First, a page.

Command & Control or C2 or C&C is a computer server that gives directives to digital devices commonly computers and smartphones that have been infected with rootkit or malware such as Ransomware and other variants. These infected devices are called “bots” or “botnet” for Robot. Botnets are also used for sending Spam and Distributed Denial of Service (DDOS) attack against the target.

Known C2 servers will be most likely detected by Firewall if it is enabled in a PC or company provided workstation. Except for “zero day” attack when the C2 server is not yet identified by the EDR and Firewall companies.

This may sound a little technical but good to know when needed since the tool of example will be used here is already included in Windows systems.

By opening the command prompt or CMD as administrator, you will be able to run the tool called NETSTAT.

In the command prompt, just type the tool command below with a hyphen “ano” (-ano), parameters to display all network connections, with port numbers, and process ID’s. The parameter “f” is useful to see the fully qualified domain name or simply as the website address of the established connections over the internet for quick identification.

Syntax:

netstat –ano

netstat –af

The tool will be prompted with few lines depending on how many tabs open in the browsers when connected to the internet and it will also include the connection in C&C if the host machine is infected with malware or botnet.

This network threat hunting process may take a few minutes as it needs to go through the public IP addresses which are LISTENING and ESTABLISHED for checking from OSInt like VirusTotal, OTX, and other websites that provide IOC’s based from IP’s.

If there is no IOC found from the OSINT, a healthy paranoia will be needed to stop the running processes based from the PID (process id) resulted from the NETSTAT tool by simply running the “TASK MANAGER” through typing the “CTRL+ALT+DELETE” at the same time. Find the PID under the DETAILS tab, mouse right-click on it and “END TASK”.

Threat Hunting Malware

Malicious program threat hunting is different from running an Anti-Virus as it does not need to be quarantined or remove immediately. By running an AV may notify the malware creator that the malicious program planted in the host machine has been found and deleted which the adversary will be warned for detection.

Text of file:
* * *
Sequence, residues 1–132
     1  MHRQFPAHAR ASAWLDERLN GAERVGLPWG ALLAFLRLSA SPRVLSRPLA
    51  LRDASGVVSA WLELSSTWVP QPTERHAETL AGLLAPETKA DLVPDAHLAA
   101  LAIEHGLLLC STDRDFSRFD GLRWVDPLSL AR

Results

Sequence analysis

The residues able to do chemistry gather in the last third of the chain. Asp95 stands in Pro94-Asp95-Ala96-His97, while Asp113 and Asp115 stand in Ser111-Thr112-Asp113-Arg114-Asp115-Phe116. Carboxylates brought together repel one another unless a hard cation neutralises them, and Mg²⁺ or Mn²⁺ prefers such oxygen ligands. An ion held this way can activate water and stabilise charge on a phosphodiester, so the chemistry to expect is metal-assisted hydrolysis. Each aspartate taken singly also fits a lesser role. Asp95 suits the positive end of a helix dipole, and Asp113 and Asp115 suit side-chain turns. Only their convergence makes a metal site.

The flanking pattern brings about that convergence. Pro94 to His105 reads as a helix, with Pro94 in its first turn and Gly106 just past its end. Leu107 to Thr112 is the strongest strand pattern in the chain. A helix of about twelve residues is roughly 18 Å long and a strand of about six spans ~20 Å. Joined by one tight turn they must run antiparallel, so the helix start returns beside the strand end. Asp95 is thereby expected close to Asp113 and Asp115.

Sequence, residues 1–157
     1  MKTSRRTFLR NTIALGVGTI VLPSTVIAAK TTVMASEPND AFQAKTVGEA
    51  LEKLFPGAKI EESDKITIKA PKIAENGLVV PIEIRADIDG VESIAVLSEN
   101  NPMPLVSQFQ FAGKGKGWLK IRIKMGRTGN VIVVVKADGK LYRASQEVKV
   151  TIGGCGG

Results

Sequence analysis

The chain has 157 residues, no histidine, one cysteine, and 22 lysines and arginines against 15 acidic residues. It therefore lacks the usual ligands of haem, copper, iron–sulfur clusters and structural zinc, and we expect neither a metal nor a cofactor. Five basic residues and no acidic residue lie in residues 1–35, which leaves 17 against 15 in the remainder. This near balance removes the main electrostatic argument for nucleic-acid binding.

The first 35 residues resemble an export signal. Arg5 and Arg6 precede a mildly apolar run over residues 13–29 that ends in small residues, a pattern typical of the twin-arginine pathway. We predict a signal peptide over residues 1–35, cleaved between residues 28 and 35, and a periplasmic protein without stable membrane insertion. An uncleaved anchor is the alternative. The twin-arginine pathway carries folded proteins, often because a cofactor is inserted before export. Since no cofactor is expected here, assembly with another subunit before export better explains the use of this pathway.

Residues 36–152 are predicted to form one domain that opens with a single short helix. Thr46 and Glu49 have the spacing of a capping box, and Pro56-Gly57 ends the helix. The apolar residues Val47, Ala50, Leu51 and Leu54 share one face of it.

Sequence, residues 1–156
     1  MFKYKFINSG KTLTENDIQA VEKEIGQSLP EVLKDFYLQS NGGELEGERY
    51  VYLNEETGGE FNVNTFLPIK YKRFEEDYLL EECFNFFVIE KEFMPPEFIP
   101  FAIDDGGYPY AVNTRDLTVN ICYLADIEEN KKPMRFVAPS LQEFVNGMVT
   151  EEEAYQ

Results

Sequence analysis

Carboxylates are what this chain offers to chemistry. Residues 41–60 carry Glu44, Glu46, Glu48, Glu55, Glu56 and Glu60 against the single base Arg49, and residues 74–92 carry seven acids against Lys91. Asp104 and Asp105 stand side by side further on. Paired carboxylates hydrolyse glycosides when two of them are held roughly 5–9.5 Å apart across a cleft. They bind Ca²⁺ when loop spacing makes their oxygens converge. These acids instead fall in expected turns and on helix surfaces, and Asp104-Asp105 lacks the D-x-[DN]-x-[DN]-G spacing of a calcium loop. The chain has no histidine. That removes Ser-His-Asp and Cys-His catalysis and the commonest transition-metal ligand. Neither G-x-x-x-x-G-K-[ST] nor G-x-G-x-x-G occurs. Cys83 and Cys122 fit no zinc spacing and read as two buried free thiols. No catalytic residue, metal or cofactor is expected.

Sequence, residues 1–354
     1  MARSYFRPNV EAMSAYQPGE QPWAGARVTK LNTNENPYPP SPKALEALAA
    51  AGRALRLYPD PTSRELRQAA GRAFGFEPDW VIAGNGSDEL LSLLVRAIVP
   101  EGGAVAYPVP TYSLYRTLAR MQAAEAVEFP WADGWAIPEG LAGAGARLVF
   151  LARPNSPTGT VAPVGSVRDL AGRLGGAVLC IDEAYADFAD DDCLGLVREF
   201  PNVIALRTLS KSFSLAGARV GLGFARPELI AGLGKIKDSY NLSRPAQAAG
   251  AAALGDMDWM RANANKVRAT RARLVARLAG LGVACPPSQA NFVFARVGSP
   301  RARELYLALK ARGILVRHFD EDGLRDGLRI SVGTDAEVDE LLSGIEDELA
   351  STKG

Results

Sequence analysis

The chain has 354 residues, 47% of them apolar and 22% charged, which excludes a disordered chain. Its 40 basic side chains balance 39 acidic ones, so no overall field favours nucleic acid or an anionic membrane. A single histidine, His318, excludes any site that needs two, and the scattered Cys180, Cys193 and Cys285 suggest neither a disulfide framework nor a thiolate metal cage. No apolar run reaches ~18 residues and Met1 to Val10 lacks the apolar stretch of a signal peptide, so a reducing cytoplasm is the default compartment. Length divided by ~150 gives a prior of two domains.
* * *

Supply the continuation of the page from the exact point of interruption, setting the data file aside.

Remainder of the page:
“Triaging” an advanced persistent threat (APT) is crucial in hunting the threat actor and tracing their whereabouts.

A simple IOC scanner called LOKI is effective for that detective role playing like Sherlock Holmes.

This slick tool can be downloaded here: https://github.com/Neo23x0/Loki/releases

The tool will give the full directory of both suspicious and malicious file based from its IOC’s that most AV’s does not have yet and may able to delete manually or opt for further malware analysis which is an interesting hobby.

Threat Hunting Rogue Wi-Fi

In my few speaking engagements, I always mention that “Free” is not always good as this is can be a conduit for Social Engineering attacks like Man-In-The-Middle (MITM) or Eaves Dropping technique to steal sensitive information.

It is best to have a healthy paranoia to run tools like my example here to catch rogue access points (AP) in the public.

A handy rogue AP killer and a user-friendly tool called CHELLAM is very useful to stay safe in the wild while the adversary is just one click away to bait their targets and one could be you or your family.

Conclusion

There are so many available tools that can be downloaded in the wild and it is everyone’s discretion on what tool is effective for the individual. As mentioned in my other blogs, a mindset of a hunter is the most important and that cannot be taken from classroom training nor in Ph.D. degree. Again, security is everybody’s responsibility and either you are part of the solution or just another brick in the wall.